Trump: GM 'is not going to be treated well' after announced layoffs

President TrumpDonald John TrumpNew EPA rule would expand Trump officials' powers to reject FOIA requests Democratic senator introduces bill to ban gun silencers Democrats: Ex-Commerce aide said Ross asked him to examine adding census citizenship question MORE said Thursday that General Motors "is not going to be treated well" in the wake of its planned layoffs of American workers, but suggested that the lost jobs will be quickly replaced.

"It doesn’t really matter because Ohio is under my leadership from a national standpoint," Trump said in an interview with Fox News. "Ohio’s going to replace those jobs like in two minutes."

The president expressed disapproval with the automaker's announcement last month that it intends to cut 15,000 jobs and close manufacturing sites in Lordstown, Ohio; Detroit-Hamtramck, Mich.; and Oshawa, Ontario in Canada, and auto parts factories in Warren, Mich., and White Marsh, Md.

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Trump on Thursday called the move "nasty," and pledged the company "is not going to be treated well" after the cuts.

"To tell me a couple of weeks before Christmas that she’s going to close in Ohio and Michigan, not acceptable to me," Trump said, referring to GM CEO Mary Barra.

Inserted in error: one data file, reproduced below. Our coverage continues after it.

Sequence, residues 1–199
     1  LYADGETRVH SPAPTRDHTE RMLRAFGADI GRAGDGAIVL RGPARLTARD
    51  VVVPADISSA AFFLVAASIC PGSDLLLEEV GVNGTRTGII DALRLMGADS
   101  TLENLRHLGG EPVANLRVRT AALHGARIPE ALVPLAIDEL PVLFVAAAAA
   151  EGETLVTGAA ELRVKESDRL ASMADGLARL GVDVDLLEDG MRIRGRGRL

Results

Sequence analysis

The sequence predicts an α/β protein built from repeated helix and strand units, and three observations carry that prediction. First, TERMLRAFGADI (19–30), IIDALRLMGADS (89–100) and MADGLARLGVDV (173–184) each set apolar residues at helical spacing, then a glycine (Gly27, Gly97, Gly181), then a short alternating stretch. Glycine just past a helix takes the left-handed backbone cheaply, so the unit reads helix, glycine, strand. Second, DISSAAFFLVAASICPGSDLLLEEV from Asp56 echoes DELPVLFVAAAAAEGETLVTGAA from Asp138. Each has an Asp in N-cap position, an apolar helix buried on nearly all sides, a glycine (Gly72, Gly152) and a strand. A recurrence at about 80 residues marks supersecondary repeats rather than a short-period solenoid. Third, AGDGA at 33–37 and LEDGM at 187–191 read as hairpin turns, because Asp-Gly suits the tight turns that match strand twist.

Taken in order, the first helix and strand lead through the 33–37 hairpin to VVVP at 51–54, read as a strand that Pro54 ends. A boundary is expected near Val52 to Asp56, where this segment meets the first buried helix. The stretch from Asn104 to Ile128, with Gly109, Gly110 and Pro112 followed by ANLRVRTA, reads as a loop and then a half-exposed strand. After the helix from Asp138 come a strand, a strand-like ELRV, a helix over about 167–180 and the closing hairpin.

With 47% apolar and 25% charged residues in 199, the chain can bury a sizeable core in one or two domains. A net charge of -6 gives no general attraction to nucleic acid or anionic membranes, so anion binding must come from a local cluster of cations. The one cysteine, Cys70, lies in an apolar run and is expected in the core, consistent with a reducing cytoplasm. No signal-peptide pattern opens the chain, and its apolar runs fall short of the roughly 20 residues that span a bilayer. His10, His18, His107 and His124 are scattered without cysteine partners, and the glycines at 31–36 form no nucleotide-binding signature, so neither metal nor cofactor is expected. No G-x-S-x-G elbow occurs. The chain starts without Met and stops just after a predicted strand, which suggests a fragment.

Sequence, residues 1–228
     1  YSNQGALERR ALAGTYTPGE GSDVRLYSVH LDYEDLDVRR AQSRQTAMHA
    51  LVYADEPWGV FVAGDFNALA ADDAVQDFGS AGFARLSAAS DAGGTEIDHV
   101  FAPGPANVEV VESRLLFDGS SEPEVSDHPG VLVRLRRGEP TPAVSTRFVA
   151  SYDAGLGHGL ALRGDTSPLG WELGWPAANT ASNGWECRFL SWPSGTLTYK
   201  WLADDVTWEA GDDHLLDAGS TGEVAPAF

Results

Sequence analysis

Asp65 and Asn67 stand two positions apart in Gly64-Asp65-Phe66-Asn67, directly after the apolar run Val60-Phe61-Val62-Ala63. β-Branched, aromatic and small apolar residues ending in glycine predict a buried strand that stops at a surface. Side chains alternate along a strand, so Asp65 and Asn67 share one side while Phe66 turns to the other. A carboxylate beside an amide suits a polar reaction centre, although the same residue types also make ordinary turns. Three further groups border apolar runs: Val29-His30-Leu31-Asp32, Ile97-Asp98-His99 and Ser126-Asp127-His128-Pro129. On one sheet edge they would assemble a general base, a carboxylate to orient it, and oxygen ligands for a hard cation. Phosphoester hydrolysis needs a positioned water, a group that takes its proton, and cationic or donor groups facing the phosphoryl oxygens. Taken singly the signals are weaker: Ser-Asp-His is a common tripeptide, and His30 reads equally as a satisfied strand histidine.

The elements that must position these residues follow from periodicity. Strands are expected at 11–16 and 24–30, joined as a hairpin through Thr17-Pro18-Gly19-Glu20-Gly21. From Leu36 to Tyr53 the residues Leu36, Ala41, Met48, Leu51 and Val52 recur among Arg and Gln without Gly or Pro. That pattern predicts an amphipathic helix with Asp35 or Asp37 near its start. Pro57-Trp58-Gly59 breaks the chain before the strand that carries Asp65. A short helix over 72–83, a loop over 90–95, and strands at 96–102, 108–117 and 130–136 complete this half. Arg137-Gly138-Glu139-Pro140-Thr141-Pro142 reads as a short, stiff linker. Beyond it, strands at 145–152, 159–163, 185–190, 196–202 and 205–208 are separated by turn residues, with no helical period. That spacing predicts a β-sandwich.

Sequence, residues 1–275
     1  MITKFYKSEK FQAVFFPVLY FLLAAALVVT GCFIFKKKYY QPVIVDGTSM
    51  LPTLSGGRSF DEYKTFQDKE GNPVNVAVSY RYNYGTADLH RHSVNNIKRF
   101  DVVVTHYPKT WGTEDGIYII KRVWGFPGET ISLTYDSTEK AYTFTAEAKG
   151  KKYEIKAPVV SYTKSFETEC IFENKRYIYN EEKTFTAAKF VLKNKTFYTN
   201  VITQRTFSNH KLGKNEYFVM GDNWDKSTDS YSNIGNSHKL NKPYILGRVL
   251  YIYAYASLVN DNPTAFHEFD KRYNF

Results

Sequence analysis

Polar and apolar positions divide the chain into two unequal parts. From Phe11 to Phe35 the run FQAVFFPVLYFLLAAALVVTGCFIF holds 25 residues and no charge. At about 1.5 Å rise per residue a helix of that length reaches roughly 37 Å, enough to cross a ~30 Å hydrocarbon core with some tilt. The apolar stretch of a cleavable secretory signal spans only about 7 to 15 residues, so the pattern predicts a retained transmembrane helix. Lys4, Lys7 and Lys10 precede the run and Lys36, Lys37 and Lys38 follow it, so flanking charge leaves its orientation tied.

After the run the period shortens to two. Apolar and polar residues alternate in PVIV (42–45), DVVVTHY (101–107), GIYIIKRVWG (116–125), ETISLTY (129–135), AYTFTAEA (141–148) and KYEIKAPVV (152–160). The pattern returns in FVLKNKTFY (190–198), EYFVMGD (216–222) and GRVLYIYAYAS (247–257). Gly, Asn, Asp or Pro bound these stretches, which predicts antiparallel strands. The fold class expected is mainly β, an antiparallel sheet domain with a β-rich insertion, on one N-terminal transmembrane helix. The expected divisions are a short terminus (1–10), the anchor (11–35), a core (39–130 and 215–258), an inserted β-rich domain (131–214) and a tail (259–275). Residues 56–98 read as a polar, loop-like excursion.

The president criticized GM's focus on electric cars, calling it a "big mistake."

"They’ve changed the whole model of General Motors," Trump said. "They’re going to all electric. All electric’s not going to work. I don’t run a car company, but all electric is not going to work."

The president threatened last month to end the automaker's federal tax credit for electric vehicles in retaliation for the announced layoffs. GM's all-electric Chevrolet Bolt and plug-in hybrid Chevrolet Volt qualify for the incentive.

Trump and other lawmakers have fiercely criticized GM over its decision to cut jobs and close plants. The announcement dealt a blow to Trump, who has championed the return of manufacturing jobs as a cornerstone of his economic policies.

The president has said he has spoken to Barra directly to voice his displeasure.

GM said that "many of the U.S. workers impacted" by the planned closures “will have the opportunity to shift to other GM plants.”